COVID spreading, but deaths down

By Molly Breland

Alabama Daily News

Alabama’s top public health official says those with health risk factors should be concerned about the latest uptick in COVID-19 cases and hospitalizations, which have also hit the Decatur area, but also had encouraging news about the virus.

“Now that we have vaccines, now that we have monoclonal antibodies that are effective, now that we have oral medications that are effective — and because the variant itself is a little less deadly on average — we are seeing that decoupling, if you will, from the case numbers and the number of deaths. That is the one fortunate thing,” said Dr. Scott Harris, Alabama’s state health officer, in a recent episode of Alabama Public Television’s “Capitol Journal.”

“If you’re somebody who is medically vulnerable because of your age or because of health problems and, particularly, if you’re unvaccinated, I don’t think the situation has changed that much for those folks,” he said. “For people who are fully vaccinated I think you can pretty much do what you need to do. If your community is seeing high numbers of transmission going on, then obviously you need to exercise caution and be careful about large groups of people.”

There were 661 people hospitalized statewide with the virus Tuesday, according to the Alabama Department of Public Health, up from 55 three months ago but well below the pandemic peak of more than 3,000. On Monday, Decatur Morgan Hospital had 14 COVID patients, including three in intensive care and one on a ventilator.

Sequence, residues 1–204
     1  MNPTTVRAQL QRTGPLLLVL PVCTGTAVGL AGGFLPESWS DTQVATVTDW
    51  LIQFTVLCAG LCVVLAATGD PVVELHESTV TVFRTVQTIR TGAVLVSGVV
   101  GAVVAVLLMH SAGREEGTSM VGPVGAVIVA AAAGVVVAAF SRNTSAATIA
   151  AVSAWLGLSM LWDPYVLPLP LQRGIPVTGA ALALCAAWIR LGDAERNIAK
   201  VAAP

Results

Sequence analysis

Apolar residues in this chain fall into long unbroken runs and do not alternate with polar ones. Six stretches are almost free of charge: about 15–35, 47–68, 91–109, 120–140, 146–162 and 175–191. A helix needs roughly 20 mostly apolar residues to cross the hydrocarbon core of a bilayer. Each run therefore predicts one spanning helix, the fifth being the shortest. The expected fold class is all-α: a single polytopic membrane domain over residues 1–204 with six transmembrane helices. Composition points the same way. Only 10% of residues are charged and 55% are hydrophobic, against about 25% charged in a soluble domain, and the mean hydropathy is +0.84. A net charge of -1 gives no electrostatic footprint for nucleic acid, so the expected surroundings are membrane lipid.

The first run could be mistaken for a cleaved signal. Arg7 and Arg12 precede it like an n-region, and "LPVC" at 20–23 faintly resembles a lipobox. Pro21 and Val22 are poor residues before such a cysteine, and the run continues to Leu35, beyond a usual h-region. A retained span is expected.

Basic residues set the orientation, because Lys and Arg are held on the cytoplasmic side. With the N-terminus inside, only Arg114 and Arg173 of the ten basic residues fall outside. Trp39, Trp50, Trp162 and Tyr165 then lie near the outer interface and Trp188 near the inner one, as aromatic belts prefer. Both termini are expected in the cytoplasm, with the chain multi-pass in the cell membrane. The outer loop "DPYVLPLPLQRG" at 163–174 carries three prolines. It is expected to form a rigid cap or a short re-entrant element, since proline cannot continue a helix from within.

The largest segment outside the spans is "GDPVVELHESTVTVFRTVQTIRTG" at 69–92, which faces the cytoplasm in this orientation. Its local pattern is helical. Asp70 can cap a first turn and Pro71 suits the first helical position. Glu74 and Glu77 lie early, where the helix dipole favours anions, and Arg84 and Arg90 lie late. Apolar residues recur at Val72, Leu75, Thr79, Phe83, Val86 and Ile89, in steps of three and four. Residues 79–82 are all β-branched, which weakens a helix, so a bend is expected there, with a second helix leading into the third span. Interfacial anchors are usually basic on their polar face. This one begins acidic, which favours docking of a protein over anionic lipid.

Positive COVID-19 tests are rising nationally because the new omicron subvariant labeled BA.5 is spreading quickly. According to the Centers for Disease Control and Prevention, the subvariant is more infectious than previous strands and makes up about 65% of current COVID-19 cases. Despite hospitalizations and deaths rising, BA.5 appears to have milder symptoms than previous variants.

People carrying the virus have reported experiencing cold and flu-like symptoms that are frequently associated with COVID-19 including fever, sweats, runny nose, sore throat, fatigue and lingering congestion. Additionally, some have reported a loss of taste or smell.

ADPH characterizes Morgan, Lawrence and Limestone counties as having high community transmission levels. People in counties with high transmission levels should wear a mask indoors when in public, according to the department.

The CDC recommends that anyone 6 months and older get vaccinated to protect themselves. Those 12 years and older should also stay updated on their vaccination and get booster shots.

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